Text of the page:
Wednesday, May 29, 2013

tropic of cancer

According to Miller's brief autobiography, he began writing Tropic of Cancer while living in Louveciennes,  a western suburbs of Paris, where he met Anais Nin. He had left his second wife, June Edith Smith, at home during this time and lived on the streets of Paris, and slept, as he says, where he could. This was in 1931-2. During this time he worked at the Paris edition of the Chicago Tribune as a proof reader, and taught English for a while in Lycee Carnot. Nin was his lover during this period and kept him housed, fed, and helped finance the first printing of this book. Nin also wrote a short preface, which she ends by saying that Miller digs beneath the roots, for subterranean springs.

By 1933, Miller had visited  Luxembourg with his Clichy roommate, Alfred Perles, and begun work on Black Spring, and also a book on Lawrence which he never finished. His wife came back to Europe briefly, but left again after asking for a divorce. In 1934, Tropic of Cancer was published after a number of re-writes, a a decisive moment, in Miller's words. That was nearly 80 years ago. Tropic of Cancer could have been written yesterday. But if it was, no one would care; it could have only have been written then.

Miller writes with seeming abandon, using language that is both coarse and foul, and beautifully poetic. His prose is in many ways prose poetry. He talks about the underbelly of society and what it is to be a thinking, eating, sexual animal which lives in this society we've made for ourselves. He looks up from his depression-era squalor to the fat cats with 50 cent corona cigars, dripping juice down their faces, but not with hatred as you might expect, but with a journalist's impartiality. If he feels anything about the state of man, as horrible and useless as it all is, you could say its glee. He seems to laugh as he looks on, constantly amused by what he sees, as if he looked on the antics of young children, or dogs frolicking.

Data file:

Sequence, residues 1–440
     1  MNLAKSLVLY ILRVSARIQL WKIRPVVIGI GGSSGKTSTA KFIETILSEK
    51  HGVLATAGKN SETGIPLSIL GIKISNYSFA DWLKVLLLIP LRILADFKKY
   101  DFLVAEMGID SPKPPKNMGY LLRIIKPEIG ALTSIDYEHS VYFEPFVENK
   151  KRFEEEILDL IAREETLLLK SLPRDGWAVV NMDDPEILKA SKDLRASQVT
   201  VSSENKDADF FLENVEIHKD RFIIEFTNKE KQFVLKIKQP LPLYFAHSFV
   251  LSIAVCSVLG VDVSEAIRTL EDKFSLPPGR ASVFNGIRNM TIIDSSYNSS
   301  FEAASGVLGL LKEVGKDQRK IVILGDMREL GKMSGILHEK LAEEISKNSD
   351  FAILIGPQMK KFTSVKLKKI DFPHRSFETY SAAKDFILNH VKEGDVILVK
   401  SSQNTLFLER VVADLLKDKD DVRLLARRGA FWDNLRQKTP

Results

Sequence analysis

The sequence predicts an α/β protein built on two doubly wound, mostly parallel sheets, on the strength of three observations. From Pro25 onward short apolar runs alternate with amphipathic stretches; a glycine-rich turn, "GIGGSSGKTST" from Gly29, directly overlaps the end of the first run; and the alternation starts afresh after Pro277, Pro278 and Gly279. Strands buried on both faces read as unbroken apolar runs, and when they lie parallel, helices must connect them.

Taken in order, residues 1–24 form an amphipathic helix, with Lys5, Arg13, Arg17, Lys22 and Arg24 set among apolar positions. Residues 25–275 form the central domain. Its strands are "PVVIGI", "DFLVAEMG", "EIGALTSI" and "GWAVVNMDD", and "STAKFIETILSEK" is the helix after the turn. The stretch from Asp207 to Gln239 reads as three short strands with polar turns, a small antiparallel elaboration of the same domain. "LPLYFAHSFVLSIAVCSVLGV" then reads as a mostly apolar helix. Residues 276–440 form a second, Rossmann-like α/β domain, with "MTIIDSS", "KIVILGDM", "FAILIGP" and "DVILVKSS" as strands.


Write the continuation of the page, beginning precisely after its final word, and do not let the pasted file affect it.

Miller lauds the works of those he sees as shinning examples in his prose, he talks of Walt Whitman as a poet who understood what is is to be a man, but worried that Whitman's language was now (in 1931) almost incomprehensible to modern readers. He also went on about Matisse, saying that he was at the very hub of the wheel that was falling apart around us.

One of my favorite lines:

"The wallpaper with which the men of science have covered the world of reality is falling to tatters."

There has been so much written about Henry Miller, that you certainly don't need me to go on about it too. What I will say is: if you've read some beat or surrealism and it worked for you, you'll enjoy this. If you're interested in the birth of modern American writing, it seems to me that this is one of the stops. Is it a little odd? Sure. Is the language foul and the treatment of women appalling? You bet. Is it amazing to read such honest writing, from an era before my parents were born? Absolutely.

Read this book.

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